Actor Margaret Hamilton's appearance, laugh, and haunting portrayal of the Wicked Witch of the West in The Wizard of Oz continues to scare audiences to this day. It's no wonder that after starring in The Wizard of Oz, Hamilton couldn't escape her connection to the character - though she eventually embraced her position in movie history.
Hamilton began acting in the 1920s and continued to practice her craft until she passed in 1985. As a celebrity of stage, radio, film, and television, Hamilton's decades-long career brought her back to the role of the Wicked Witch time and time again, but the beloved performer didn't seem to mind. After The Wizard of Oz, she did her best to reassure frightened children the Witch wasn't real.
In the end, Hamilton's life and career were about so much more than being cinematic history's most notorious wicked witch.
She Wasn't The First Choice For The Wicked Witch Of The West
The Wicked Witch of the West was originally supposed to be a beautiful yet villainous figure. In the words of Wizard of Oz producer Mervyn LeRoy, she would be "repulsive in deeds and manner, but she won't be too hideous to look at. I don't want her to scare children away from the theater."
LeRoy originally cast Gale Sondergaard as the Witch. Sondergaard tested for the role with makeup and glamorous gowns, but LeRoy changed his mind. He tried to have Sondergaard look unattractive, but eventually, the pair agreed that playing an "ugly" witch could ruin her image.
Hamilton tested for the part instead, picking out "the oldest, crummiest-looking clothes I could find, some dirty things that sort of hung on me like a Mother Hubbard. And then a little shawl."
According to Hamilton, "There was no witch's hat, and I really looked more like an old hag. And I cackled and screamed and said a few lines from the script." She was hired in October 1938.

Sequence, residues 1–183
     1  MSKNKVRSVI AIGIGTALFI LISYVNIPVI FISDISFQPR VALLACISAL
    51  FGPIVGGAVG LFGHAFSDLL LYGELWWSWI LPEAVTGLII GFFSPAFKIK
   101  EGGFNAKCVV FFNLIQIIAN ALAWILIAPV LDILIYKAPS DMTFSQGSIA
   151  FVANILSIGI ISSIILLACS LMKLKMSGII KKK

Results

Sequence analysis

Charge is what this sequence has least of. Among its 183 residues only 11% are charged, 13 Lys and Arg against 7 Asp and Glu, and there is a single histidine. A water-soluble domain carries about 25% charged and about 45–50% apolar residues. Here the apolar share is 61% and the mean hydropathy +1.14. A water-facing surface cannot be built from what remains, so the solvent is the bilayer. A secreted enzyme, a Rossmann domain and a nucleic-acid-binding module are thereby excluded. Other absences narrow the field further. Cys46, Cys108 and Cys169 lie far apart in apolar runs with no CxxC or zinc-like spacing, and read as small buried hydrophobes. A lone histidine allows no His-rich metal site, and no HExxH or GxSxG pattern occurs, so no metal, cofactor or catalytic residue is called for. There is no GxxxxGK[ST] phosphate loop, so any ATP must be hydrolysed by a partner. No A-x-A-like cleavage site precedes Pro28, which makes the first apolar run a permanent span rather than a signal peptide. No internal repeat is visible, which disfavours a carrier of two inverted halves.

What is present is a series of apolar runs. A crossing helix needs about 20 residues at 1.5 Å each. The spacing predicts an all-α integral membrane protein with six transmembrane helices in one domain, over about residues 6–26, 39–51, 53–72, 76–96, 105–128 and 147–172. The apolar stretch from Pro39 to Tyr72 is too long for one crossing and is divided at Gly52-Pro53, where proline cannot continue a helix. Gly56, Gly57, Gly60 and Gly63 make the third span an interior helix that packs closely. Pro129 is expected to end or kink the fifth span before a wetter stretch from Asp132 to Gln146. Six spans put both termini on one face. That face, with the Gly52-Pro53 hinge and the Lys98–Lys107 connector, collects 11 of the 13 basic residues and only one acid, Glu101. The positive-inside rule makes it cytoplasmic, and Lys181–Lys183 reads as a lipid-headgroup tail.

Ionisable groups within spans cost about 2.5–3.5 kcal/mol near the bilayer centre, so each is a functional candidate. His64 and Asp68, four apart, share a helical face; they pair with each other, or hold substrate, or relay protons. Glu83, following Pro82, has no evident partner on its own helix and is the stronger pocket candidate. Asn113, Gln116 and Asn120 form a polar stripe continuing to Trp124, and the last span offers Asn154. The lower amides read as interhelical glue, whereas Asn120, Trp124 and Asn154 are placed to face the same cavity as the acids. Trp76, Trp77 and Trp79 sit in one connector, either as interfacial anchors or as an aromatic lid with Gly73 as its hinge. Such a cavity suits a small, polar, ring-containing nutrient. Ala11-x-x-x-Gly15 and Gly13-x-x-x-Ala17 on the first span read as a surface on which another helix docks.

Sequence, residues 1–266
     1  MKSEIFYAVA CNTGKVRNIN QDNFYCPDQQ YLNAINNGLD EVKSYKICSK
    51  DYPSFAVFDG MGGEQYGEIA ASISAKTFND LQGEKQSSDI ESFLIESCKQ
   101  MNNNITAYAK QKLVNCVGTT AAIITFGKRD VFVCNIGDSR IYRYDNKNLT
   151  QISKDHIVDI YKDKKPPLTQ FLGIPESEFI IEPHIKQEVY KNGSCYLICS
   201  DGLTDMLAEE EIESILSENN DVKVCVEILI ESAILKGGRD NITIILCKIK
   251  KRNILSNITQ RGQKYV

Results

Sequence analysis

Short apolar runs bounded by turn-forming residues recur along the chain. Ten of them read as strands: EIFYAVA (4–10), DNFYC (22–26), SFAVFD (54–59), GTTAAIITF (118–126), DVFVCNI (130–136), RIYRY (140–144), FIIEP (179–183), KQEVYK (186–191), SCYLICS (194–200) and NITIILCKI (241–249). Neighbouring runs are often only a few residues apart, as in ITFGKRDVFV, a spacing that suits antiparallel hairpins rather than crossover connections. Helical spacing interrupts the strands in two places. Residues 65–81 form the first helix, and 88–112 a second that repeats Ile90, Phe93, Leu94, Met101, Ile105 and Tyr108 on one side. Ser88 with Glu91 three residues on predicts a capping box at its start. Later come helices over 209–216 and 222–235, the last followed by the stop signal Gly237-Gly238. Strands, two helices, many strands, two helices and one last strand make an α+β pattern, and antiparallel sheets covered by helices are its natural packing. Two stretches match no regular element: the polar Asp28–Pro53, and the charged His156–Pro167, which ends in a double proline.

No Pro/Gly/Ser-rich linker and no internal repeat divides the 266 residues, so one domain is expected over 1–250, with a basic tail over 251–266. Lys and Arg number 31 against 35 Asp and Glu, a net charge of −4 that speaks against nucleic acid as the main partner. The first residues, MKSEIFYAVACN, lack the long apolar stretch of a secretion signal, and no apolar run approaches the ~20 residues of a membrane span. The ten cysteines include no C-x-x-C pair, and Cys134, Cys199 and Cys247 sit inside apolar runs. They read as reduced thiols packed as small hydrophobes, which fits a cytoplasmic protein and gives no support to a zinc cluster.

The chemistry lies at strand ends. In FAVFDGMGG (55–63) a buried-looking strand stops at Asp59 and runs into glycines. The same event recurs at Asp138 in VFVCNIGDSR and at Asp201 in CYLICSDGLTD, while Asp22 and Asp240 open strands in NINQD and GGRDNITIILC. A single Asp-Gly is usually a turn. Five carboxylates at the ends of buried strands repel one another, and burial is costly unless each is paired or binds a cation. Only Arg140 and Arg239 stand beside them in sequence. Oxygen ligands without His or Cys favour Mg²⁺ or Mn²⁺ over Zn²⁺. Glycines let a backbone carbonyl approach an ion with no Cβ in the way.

She Played The Wicked Witch On A Controversial Episode Of 'Sesame Street'
Hamilton reprised her most famous role alongside Oscar the Grouch and Big Bird for Sesame Street in 1976. The episode featured the infamous Witch searching Sesame Street for her lost broom. Aside from Big Bird and Oscar, the episode showed the Wicked Witch's presence terrified the rest of the characters.
After the episode aired, parents wrote in to complain about their frightened children.
She Suffered Severe Burns While Filming 'The Wizard Of Oz'
After an accident on the set of The Wizard of Oz, Hamilton suffered severe burns on her face and right hand. When the Wicked Witch of the West left Munchkinland, the pyrotechnic effects went haywire and melted her makeup. She spent six weeks recovering from her injuries.
When Hamilton returned to set, she was afraid to push too hard for recompense, not wanting to get characterized as a problematic actor. She said, "I won’t sue because I know how this business works, and I would never work again. I will return to work on one condition - no more fireworks!"
The film crew met her demands, using a stunt double for dangerous scenes. Hamilton's double, Betty Danko, was later burned on set and ended up in the hospital, as well.
She Never Signed On With A Studio, Leaving Her Options Open
Hamilton negotiated a six week minimum for her role in The Wizard of Oz, not wanting to sign on for something that wasn't going to provide stability and a steady income. As a general rule, she never worked for anything less than a two-week guarantee, mainly to make sure she could provide for her son. In the late 1930s, Hamilton and her husband, Paul Meserve, divorced and she received full custody of their child.
Hamilton never asked for more than $1,000 a week for fear of pricing herself out of the industry. She never signed with one studio to keep her options open, and when given a "simply awful" dressing room, she told herself it was the kind of dressing room the studio believed "a Wicked Witch should have."